The presence of flying termites in your home usually means that there’s a colony nearby. These are not a specific species of termite; they are a part of the insect’s caste system and are responsible for mating.
If you’re experiencing a flying termite home invasion, you don’t need to call for professional help right away. There are several do-it-yourself methods for getting rid of the pesky and destructive bugs. Follow this guide to getting rid of these pests before you call in the exterminators.
Perform a detailed inspection
Spraying a pesticide on stray termites kills them, but it doesn’t kill the colony. This is why your first step needs to be a thorough inspection of the inside and outside of your house.
Flying termites tend to feed close to their colonies, so spraying infested colony areas is more effective at eliminating the root of the problem.
Check all wood surfaces in your home such as pillars, cabinets, bookcases and furniture. Scan the supports, floor boards and other household items made of wood. Take a flashlight with you for looking into dark corners or underneath large pieces of furniture.
While you’re inspecting the wood for visible signs of an infestation such as holes, mud trails or fallen wings, you also need to tap on the surfaces to check for any hollow areas.
Go around the outside of your house an inspect any outdoor pillars. Look closely at your foundation for signs of termite damage, and inspect the soil around your house for the critters.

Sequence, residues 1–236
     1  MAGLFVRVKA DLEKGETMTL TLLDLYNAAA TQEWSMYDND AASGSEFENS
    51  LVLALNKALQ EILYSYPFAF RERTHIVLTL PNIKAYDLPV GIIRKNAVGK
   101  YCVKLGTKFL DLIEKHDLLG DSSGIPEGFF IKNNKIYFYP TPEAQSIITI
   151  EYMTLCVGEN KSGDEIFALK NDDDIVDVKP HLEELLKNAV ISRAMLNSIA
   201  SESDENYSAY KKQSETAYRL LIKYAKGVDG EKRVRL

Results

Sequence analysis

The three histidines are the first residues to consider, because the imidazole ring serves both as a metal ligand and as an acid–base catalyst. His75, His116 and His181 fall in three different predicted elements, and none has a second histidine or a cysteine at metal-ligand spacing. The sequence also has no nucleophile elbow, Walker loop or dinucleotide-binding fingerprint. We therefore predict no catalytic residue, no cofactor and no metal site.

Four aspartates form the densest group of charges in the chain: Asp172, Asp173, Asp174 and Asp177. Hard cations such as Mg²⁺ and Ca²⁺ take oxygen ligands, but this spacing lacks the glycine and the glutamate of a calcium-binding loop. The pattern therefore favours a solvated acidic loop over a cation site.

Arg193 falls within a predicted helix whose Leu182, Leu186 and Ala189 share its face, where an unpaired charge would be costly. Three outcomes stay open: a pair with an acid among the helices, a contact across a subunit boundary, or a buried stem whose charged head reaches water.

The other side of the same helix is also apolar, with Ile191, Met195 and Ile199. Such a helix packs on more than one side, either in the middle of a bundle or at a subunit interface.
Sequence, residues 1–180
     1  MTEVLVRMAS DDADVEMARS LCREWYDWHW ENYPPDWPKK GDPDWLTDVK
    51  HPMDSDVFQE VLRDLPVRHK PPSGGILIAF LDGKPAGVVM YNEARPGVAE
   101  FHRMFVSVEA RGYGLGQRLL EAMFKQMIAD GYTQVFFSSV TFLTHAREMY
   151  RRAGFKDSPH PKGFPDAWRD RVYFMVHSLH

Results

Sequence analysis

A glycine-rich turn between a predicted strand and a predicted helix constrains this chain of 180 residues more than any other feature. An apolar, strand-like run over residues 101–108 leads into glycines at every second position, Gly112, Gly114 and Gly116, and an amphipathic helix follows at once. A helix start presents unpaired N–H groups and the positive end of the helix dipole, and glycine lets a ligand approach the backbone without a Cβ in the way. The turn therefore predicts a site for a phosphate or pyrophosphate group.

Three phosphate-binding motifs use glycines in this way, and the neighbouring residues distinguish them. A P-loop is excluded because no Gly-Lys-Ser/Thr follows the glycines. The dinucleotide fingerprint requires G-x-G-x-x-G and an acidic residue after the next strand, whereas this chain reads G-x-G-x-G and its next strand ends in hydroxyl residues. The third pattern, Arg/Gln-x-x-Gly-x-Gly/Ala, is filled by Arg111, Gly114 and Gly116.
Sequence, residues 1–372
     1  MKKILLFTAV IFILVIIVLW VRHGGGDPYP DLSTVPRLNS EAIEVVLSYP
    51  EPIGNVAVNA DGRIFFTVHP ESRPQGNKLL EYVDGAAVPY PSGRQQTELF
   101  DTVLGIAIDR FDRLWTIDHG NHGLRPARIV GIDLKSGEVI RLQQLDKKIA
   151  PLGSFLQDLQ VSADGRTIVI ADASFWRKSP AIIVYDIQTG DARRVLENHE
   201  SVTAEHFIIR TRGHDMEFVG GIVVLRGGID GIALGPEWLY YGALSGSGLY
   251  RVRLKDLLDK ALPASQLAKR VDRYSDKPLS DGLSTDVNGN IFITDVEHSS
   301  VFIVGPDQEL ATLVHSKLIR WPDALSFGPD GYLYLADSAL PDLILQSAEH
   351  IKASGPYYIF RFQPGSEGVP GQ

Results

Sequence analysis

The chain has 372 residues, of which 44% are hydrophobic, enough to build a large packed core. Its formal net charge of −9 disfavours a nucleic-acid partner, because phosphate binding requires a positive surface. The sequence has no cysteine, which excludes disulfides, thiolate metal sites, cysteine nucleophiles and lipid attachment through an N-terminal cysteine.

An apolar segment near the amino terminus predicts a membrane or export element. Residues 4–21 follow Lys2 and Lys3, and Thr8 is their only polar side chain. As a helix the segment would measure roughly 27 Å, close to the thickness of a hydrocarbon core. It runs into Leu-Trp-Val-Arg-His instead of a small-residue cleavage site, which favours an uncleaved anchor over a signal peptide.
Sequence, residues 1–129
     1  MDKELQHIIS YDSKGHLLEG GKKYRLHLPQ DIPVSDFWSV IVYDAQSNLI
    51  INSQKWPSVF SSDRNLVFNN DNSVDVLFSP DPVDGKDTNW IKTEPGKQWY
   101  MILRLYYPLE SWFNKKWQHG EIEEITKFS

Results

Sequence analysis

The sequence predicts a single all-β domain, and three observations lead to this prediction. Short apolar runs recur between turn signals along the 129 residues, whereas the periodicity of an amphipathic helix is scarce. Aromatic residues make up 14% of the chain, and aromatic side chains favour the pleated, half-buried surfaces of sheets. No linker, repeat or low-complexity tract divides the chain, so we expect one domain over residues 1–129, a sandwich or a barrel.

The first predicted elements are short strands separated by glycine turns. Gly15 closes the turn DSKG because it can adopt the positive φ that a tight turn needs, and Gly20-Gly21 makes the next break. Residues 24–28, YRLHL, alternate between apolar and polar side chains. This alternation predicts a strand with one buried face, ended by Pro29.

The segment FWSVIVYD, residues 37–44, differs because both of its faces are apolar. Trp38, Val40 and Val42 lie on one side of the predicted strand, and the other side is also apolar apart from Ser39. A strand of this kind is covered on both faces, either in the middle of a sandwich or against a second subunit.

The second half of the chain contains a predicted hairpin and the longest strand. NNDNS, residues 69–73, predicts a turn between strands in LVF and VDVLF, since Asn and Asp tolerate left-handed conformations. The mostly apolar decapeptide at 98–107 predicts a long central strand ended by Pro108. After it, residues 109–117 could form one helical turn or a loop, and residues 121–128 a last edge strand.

Determine what type of termite it is
After you’ve discovered the key infestation sites, inspect them further to determine which type of insect you’re working with The two most common types of termites in the United States are drywood and subterranean.
Drywood termites have the ability to live in wood without the need for soil. They enter any wood piece through cracks, joints and crevices. Their nests are cultivated in dry wood that’s above ground and not decayed.
This type of termite tunnels through the wood to create big chambers within it Piles of wood pellets or termite droppings are tell-tale signs of a home invasion.
Subterranean flying termites live in wood and the soil surrounding your house. They also thrive in compost piles and wood foundations.
These termites require moisture to survive, and the mud-like substance they leave behind is a product of their colony construction method.
Natural methods for killing drywood termites
These are three of the most effective home treatments for flying termites. Employing these methods helps you avoid the use of toxic chemicals in your home. You can repeat any of these methods as needed to keep a re-infestation from happening.
– Orange oil: This is a compound that’s extracted from orange peels, and it has a strong citrus aroma. If you use orange oil, be sure to take cautionary measures as it has the potential to irritate your skin.
The active ingredient in orange oil is D-Limonene which works by dissolving the exoskeleton of the termite.
To use the treatment, you must drill tiny holes into the infested areas and spray the oil directly into the drilled holes. This method takes three days to three weeks to yield results, depending on the severity of the invasion.